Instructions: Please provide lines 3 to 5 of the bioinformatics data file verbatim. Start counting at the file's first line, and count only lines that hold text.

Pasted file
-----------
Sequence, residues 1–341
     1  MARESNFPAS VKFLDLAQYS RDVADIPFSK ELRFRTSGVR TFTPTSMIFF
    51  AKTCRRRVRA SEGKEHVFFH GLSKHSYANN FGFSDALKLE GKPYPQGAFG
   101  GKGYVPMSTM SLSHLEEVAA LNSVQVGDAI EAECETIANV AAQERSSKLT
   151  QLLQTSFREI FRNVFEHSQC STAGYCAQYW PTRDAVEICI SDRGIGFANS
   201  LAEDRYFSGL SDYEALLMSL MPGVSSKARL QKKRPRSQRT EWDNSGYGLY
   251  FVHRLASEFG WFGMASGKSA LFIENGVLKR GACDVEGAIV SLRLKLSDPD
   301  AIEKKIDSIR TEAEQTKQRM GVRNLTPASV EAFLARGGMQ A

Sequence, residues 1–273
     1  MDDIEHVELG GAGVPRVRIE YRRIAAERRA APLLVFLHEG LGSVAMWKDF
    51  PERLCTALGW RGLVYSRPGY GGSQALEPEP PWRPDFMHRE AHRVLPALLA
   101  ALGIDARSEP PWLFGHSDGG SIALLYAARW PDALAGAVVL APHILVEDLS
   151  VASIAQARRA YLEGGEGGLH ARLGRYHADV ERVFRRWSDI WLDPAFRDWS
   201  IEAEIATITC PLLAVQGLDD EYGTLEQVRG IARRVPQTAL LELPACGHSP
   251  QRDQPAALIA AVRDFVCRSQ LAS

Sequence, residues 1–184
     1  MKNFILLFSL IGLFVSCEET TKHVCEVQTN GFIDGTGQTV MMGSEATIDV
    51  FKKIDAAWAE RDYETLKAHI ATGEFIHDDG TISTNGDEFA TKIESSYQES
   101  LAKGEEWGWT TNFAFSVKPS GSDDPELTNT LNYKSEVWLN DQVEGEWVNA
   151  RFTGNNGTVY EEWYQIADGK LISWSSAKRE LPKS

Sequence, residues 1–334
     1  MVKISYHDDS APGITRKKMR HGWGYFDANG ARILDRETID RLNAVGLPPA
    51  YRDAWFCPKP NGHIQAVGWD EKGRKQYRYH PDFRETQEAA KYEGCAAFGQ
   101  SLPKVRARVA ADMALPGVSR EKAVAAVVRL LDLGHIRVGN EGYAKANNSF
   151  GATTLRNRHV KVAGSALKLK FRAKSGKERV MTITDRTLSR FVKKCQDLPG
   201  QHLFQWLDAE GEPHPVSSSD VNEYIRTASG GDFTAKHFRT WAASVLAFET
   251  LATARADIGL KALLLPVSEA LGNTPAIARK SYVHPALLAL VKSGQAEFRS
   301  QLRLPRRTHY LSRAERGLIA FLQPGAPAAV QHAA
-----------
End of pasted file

    51  AKTCRRRVRA SEGKEHVFFH GLSKHSYANN FGFSDALKLE GKPYPQGAFG
   101  GKGYVPMSTM SLSHLEEVAA LNSVQVGDAI EAECETIANV AAQERSSKLT
   151  QLLQTSFREI FRNVFEHSQC STAGYCAQYW PTRDAVEICI SDRGIGFANS